In our study, we noted that patients of unknown race/ethnicity were significantly less likely to undergo SLNB. We have no definitive explanation for this finding. Our patient population was > 90% white, with very few (N = 16) being of unknown race/ethnicity. It is most likely that this finding is unreliable for this reason.
Increasing Breslow thickness negatively influenced the likelihood of receiving a SLNB in our study. Our multivariate model assessed the likelihood of receiving a SLNB for each 0.01mm increase in Breslow thickness. For every 0.01mm increase in Breslow depth, there was a 0.5% decrease in the odds of receiving a SLNB. This translates into a 14.5% decrease in the odds of receiving a SLNB for every 1mm increase in Breslow thickness. This is likely explained by a growing sense of nihilism about the likelihood of occult distant metastatic disease as the primary tumor increases in thickness. It is somewhat unclear if the nihilism is warranted, however. Carlson et al. studied 114 patients with thick melanoma who underwent SLNB and found that the thickest tumors (>6mm) were not associated with increased risks of overall or relapse-free survival . Using tumor thickness as a continuous variable in a multivariate model, Gutzmer et al. failed to identify any influence of increasing melanoma thickness on overall survival . Similarly, Gershenwald et al. noted no influence of increasing tumor thickness on either disease-free or overall survival among 131 patients with thick melanomas undergoing SLNB . Both Ferrone et al.  and Jacobs et al.  documented a higher risk of disease recurrence with increasing tumor thickness, but they did not examine any influence on overall survival.
We found that patients with thick desmoplastic melanomas were less likely to undergo SLNB. It is possible that SLNB was less commonly offered in these patients because desmoplastic melanomas have been shown to have lower rates of sentinel lymph node metastasis . Additionally, desmoplastic melanomas are more common on the head/neck, and these areas may be more challenging for lymphatic mapping and SLNB may therefore be deferred in favor of clinical observation. Indeed, in our analysis, relative to head/neck primary sites, patients with melanomas of the trunk and extremities were approximately twice as likely to undergo SLNB.
Although the presence of tumor ulceration plays a significant role in several models assessing the prognostic utility of SLNB in patients with thick melanoma, [4, 5, 7, 20] ulceration did not seem to influence the use of SLNB in our patient cohort. This could reflect a relationship between tumor ulceration and Breslow thickness. As previously stated, we found that increasingly thick melanomas were less likely to undergo SLNB. Due to tumor ulceration, the depth of some melanomas may be underestimated. With these “thinner” melanomas being perceived as “less risky” for occult metastasis, surgeons may opt to pursue SLNB more readily. However, Bilimoria et al. examined the records of 8,525 stage IB and II melanoma patients in the National Cancer Data Base and found that those with no tumor ulceration were less likely to undergo SLNB .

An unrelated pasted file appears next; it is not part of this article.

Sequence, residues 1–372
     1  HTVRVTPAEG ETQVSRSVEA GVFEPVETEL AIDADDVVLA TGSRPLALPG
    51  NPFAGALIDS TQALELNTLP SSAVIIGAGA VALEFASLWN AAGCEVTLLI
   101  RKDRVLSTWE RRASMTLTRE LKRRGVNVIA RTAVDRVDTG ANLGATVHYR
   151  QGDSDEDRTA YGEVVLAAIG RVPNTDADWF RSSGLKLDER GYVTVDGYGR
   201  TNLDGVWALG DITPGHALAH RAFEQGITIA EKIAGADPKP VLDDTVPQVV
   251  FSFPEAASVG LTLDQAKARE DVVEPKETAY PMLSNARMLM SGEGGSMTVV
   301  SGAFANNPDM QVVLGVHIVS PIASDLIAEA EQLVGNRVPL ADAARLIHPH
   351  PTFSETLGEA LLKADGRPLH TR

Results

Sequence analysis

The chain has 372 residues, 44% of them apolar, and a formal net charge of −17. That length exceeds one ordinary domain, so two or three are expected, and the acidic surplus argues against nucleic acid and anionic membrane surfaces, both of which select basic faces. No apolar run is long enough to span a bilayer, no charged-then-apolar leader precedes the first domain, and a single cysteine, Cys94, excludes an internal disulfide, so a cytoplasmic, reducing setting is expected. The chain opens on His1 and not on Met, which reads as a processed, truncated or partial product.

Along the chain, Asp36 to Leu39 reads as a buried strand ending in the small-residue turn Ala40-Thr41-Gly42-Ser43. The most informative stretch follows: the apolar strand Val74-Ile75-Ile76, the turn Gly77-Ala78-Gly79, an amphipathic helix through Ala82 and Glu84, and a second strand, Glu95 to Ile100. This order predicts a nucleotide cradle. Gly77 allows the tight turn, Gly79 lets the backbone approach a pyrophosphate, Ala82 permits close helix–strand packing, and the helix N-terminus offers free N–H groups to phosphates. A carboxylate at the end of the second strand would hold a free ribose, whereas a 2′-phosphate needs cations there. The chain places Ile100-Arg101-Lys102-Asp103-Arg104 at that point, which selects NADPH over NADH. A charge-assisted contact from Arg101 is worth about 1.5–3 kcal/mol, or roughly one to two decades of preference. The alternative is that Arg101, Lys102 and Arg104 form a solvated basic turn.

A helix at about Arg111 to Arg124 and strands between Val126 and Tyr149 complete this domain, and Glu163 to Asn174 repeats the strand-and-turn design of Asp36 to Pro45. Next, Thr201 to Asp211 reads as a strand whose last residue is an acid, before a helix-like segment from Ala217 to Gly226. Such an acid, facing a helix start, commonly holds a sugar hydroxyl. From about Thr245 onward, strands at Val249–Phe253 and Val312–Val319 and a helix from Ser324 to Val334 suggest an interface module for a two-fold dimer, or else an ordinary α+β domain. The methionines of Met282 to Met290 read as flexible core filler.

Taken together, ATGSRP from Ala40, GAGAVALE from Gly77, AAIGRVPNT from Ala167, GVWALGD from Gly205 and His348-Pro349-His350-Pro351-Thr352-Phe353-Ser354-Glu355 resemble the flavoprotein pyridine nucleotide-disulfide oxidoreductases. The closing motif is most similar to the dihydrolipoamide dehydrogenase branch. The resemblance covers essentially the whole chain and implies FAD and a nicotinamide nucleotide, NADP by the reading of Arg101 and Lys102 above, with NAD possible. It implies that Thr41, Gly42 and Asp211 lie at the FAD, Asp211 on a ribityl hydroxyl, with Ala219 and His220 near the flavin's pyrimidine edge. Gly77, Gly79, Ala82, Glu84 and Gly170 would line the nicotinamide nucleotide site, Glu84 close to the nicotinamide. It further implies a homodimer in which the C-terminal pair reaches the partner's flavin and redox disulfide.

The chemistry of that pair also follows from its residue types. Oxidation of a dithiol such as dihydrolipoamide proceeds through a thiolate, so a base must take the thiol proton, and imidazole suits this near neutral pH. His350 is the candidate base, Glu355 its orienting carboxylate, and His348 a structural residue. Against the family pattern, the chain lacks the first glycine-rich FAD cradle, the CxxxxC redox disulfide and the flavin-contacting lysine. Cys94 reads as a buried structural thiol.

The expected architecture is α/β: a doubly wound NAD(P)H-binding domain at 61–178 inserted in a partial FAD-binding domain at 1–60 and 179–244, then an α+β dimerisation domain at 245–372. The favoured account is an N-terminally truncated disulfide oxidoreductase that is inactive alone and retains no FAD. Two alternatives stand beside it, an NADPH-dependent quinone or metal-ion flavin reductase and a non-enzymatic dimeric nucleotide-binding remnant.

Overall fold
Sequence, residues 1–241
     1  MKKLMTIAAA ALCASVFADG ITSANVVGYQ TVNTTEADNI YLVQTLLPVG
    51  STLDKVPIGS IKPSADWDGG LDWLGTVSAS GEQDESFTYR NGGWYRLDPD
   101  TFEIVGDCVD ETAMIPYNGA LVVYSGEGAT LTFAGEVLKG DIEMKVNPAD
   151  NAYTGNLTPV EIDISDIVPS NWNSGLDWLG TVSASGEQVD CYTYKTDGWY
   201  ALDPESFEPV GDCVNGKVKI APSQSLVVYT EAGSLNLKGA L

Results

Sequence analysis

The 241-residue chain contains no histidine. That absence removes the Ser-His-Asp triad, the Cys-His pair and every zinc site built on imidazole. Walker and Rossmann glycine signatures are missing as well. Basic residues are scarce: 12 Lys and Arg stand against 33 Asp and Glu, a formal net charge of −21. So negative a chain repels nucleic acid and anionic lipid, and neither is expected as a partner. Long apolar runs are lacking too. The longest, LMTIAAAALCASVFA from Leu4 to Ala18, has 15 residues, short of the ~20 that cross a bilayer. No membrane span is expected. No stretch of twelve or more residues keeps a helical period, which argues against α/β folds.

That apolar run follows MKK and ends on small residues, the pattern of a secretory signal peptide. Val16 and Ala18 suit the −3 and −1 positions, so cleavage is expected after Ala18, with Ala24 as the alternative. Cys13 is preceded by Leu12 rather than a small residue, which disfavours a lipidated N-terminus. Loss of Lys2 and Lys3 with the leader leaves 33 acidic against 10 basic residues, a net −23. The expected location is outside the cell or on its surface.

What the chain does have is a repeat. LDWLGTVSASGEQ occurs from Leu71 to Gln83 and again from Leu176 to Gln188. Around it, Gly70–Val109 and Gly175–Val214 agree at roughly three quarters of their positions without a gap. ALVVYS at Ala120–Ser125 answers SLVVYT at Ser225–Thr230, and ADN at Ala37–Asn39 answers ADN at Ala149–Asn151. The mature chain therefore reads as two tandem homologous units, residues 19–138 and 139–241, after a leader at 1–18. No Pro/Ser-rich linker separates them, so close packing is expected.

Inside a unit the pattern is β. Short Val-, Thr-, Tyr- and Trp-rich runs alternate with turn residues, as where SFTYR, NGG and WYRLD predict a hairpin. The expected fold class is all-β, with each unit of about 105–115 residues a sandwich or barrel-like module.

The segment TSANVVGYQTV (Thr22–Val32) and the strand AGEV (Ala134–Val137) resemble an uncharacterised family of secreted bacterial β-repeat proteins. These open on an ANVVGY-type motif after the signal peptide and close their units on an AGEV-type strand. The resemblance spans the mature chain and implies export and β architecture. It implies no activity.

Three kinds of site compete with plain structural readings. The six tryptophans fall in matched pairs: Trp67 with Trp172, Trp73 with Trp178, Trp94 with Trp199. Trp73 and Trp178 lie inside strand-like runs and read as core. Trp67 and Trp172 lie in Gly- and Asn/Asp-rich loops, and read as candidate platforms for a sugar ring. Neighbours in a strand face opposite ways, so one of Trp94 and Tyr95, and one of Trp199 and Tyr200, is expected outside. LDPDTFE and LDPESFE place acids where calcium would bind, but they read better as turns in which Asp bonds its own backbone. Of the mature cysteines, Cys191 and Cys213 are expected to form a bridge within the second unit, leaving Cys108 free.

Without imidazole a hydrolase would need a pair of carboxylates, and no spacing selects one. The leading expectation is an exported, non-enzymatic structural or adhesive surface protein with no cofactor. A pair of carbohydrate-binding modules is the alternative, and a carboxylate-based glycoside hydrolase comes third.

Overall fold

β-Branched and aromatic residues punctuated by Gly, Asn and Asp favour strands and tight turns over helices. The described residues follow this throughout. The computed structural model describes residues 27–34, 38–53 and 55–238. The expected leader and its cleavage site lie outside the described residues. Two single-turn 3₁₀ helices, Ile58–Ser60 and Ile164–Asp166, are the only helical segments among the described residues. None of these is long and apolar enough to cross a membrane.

Our data may be subject to selection bias, since we only included patients for whom data was complete regarding whether or not SLNB was performed. Such a decision provided us with a more homogeneous population and allowed us to exclude patients that underwent a complete lymphadenectomy, likely because of clinically palpable nodal disease. Nevertheless, we may have excluded patients that would have otherwise altered our measured outcomes. Finally, SEER does not provide information on patient-level socioeconomic status such as monthly/yearly income or surrogates of socioeconomic status like education level or insurance status. Such factors may influence access to optimal cancer care and may partially explain the relatively high percentage of patients not undergoing SLNB in our study.
SLNB for patients with thick primary cutaneous melanoma should no longer be considered controversial. Despite this, a significant proportion of patients do not undergo lymph node staging with SLNB. We have demonstrated that patients age 60 years and older are less likely to receive SLNB. To date, data do not suggest that limiting SLNB in the elderly is appropriate. Further research to assess whether use of SLNB in older patients is detrimental or beneficial is needed.
The project described was supported by the National Center for Advancing Translational Sciences, National Institutes of Health, through Grant no. TR 000002 and linked award KL2 000134.